- Public transportation: LeeTran is the bus service operated by the Lee County Transit Department. All of LeeTran’s full-sized buses are accessible for passengers with disabilities. You’ll find the LeeTran bus stop across from Door 2 on the Arrivals level in the Commercial Lane. For more information about riding LeeTran, visit this website: https://www.leegov.com/leetran
- Ride shares: If you’re using Uber, Lyft or another ride share company, arrange pickup at the terminal. Contact your driver directly to arrange a meetup location.
- Other ground transportation: Southwest Florida International Airport provides a list of approved companies that provide pre-reserved, shared ride, limo services and other ground transportation. You’ll find this list at https://flyrsw.com/othertrans/
Inside the Airport
In the terminal, Southwest Florida International Airport features accommodations for travelers with disabilities, including the following:
- Luggage and wheelchair assistance: Skycap luggage and wheelchair assistance are provided through each airline. If you need wheelchair assistance and did not request it in advance, you may request it at your airline’s curbside ticket counter or at the ticket counter inside the terminal on the day of travel.
- Restrooms: All public restrooms throughout the terminal, including Companion Care facilities, are wheelchair accessible.
- Security screenings: Each security checkpoint features an ADA lane. Be patient during the screening process. “Walking through the X-ray machine… sometimes I brush the sides and have to start over,” Hatton said. If you use a service animal, at no point should you be separated from your animal. “Never hand your dog to anyone ever,” Hatton said. “That’s your eyes. That’s your mobility device.” For more information about navigating airport security with a service animal, visit this link: https://www.tsa.gov/blog/2019/05/15/tsa-travel-tips-navigating-airport-guide-dog
- Hearing impaired passengers: Visual paging is available. This is a messaging system that displays customer service messages, emergency notification and other information that is conveyed over the loudspeaker.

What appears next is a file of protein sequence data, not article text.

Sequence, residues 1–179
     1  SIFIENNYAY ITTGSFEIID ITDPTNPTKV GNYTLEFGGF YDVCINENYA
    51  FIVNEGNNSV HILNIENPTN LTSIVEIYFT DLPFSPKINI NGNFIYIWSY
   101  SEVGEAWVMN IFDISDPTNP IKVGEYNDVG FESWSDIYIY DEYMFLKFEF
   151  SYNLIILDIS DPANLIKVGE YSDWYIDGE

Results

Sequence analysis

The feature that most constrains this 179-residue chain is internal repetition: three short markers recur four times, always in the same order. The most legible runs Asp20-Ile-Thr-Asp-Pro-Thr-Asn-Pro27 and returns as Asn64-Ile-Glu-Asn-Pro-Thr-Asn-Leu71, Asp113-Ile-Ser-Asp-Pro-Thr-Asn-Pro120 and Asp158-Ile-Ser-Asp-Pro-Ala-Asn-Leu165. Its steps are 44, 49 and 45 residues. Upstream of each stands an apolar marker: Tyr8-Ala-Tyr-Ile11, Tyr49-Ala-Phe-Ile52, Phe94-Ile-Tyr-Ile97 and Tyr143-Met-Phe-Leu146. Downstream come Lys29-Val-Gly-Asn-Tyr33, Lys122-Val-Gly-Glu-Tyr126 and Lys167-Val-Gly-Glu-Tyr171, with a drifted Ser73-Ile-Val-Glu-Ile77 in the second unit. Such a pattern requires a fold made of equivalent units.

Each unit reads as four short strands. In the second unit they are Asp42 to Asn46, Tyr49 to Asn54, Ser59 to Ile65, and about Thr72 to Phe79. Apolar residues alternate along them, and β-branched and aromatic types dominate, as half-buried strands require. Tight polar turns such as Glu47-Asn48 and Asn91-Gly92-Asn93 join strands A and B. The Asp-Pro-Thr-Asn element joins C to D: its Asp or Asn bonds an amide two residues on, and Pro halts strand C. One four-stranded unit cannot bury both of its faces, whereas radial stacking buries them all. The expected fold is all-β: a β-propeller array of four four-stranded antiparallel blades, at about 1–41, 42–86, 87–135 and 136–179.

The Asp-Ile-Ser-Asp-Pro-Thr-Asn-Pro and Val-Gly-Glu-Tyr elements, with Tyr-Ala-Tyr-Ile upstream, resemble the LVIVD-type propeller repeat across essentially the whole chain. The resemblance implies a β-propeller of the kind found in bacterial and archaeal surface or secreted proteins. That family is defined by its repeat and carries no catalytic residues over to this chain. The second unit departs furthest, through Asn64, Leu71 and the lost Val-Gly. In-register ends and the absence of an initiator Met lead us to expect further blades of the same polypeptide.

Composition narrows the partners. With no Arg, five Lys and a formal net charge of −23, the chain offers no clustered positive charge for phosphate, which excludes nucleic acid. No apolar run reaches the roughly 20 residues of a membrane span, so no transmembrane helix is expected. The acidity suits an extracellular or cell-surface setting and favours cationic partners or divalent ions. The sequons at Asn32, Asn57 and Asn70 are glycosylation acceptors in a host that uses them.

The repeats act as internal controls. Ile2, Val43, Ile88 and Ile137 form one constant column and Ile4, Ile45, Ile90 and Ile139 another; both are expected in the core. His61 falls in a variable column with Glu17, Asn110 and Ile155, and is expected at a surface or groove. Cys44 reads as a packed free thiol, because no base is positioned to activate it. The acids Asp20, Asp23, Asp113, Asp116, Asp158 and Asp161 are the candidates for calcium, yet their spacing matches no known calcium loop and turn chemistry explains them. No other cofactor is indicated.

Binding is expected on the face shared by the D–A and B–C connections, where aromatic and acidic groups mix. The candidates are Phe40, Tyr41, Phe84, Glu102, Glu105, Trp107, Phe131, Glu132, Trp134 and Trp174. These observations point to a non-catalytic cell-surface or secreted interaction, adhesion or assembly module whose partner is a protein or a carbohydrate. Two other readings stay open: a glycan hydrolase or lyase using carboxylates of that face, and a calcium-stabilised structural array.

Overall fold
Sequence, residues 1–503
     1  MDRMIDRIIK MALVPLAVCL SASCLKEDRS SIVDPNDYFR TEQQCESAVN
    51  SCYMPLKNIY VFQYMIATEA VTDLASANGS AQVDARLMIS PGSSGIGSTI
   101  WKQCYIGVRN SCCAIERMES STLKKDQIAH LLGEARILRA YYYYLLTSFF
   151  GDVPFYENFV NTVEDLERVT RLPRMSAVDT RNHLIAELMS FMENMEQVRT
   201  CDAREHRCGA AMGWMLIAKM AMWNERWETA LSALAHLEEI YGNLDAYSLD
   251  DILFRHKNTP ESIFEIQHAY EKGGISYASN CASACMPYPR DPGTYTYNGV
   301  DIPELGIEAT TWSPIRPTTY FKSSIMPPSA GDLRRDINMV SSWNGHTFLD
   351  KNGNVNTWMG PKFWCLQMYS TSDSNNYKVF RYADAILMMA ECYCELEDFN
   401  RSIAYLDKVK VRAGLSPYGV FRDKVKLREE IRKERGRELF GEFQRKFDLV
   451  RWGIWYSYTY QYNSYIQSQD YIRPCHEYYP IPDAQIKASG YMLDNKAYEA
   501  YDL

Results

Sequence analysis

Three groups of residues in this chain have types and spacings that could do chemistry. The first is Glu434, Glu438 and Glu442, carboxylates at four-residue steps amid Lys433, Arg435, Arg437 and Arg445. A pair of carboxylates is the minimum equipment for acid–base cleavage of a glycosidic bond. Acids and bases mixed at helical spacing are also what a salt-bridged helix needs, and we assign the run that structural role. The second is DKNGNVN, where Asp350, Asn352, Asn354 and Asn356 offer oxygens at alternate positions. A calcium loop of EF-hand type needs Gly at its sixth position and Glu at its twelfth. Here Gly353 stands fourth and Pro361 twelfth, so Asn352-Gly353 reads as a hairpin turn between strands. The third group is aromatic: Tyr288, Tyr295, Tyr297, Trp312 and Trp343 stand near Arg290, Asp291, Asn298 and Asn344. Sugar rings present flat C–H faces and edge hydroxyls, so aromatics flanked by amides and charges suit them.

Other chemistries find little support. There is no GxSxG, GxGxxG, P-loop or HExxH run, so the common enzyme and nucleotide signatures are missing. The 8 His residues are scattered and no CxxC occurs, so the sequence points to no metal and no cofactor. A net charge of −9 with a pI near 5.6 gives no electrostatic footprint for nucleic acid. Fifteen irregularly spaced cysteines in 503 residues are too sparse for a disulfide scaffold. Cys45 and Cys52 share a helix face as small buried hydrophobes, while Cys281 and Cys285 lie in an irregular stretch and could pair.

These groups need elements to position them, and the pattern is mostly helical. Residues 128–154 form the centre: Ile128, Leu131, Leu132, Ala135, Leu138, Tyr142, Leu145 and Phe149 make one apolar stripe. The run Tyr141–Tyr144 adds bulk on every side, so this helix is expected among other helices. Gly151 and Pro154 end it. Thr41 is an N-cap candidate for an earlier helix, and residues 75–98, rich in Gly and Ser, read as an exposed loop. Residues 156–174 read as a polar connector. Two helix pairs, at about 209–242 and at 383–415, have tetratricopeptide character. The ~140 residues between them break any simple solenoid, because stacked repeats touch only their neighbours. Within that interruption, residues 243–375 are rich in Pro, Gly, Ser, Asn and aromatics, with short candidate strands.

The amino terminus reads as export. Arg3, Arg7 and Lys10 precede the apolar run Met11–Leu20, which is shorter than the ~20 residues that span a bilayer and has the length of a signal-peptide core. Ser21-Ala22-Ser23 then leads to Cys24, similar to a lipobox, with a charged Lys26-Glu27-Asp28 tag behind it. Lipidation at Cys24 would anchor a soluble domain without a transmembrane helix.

- Sensory issues: RSW does not provide a designated quiet place for passengers with autism or other sensory issues.
- Animal relief areas: For service animals and pets, relief areas are located in the grassy areas at both ends of the terminal building on the lower level, near Doors 1 and 6, near the gazebo and loading dock; and across the street from baggage claim on the lower level near the parking garage. There are no animal relief areas within the terminal or concourses. However, RSW is in the midst of a $331 million terminal expansion project. This will include an animal relief area post-security, allowing passengers to remain in the secured area while walking their pets and service animals.
- Visual paging can be requested through any courtesy phone in the terminal. The visual paging message is displayed throughout the terminal facility on the Flight Information Display Screens every 30 seconds for a period of 5 minutes.
Hatton and Alverez offer some final pieces of advice for travelers with any type of disability.
Bring helpful tools. Alvarez carries a card from his alma mater, Affiliated Blind of Louisiana Training Center, that alerts others to his disability. People with invisible disabilities may want to wear a medical ID bracelet. When Hatton doesn’t travel with her guide dog, Angelo, she uses a cane. She also uses text-to-speech screen readers on her electronic devices. In the future, she’d like to see JAWS (Job Access With Speech) added to all airport kiosks.
Explain what’s helpful—and what’s not. TSA agents often want to put Hatton in a wheelchair. But she doesn’t need a wheelchair. She needs someone to guide her in the right direction, with as much specificity as possible. “Even with very well trained TSA [agents] have a tendency to say, ‘Ma’am over here.’ I have no idea [where they’re telling me to go,” Hatton said.
Ask anyone for help. Don’t just rely on airport or airline employees. If you need someone to point you to the ticket counter, help you make sense of the muffled loudspeaker announcements or help with anything else, ask whoever’s nearby. When Alvarez travels with his guide dog, Kendrick, he finds that most fellow passengers are happy to help. Besides, it gives them an excuse to interact with Kendrick. “Most people love the dog. They want to talk to the dog.”
Be restroom-savvy. “No two bathrooms are designed the same,” Hatton said. She recommends asking a woman or a child, whom she has found to be particularly helpful.
Ask for help when you deplane. Ask a flight attendant to take you to your gate, baggage claim or ground transportation. Often, they’re already heading in that direction.
Use a travel agent. For an overall smooth trip, Hatton recommends using a disability-friendly travel agent. This person can help you find accessible transportation, activities and accommodations throughout your trip. Hatton’s travel agent organized a Bahamas cruise for Hatton and her friends. “She’s amazing,” Hatton said. “She arranged for a group of 14 of us with guide dogs.” After all, the best part of traveling is what happens when you leave the airport.
Hotels: Here are some accessible hotels located near Southwest Florida International Airport, courtesy of the Lee County Visitor & Convention Bureau.
Best Western – Fort Myers Airport Inn
Courtyard by Marriott at I-75 & Gulf Coast Town Center
Crowne Plaza Fort Myers
Drury Inn & Suites Ft. Myers Airport FGCU
Embassy Suites by Hilton Ft. Myers-Estero
Hampton Inn Fort Myers Airport
Hilton Garden Inn Airport/FGCU
Holiday Inn Express & Suites Fort Myers Airport
Holiday Inn Ft Myers Airport at Town Center
Home2 Suites by Hilton Fort Myers Airport
Homewood Suites by Hilton Fort Myers Airport
Residence Inn Fort Myers at I-75 and Gulf Coast Town Center
SpringHill Suites by Marriott Fort Myers Airport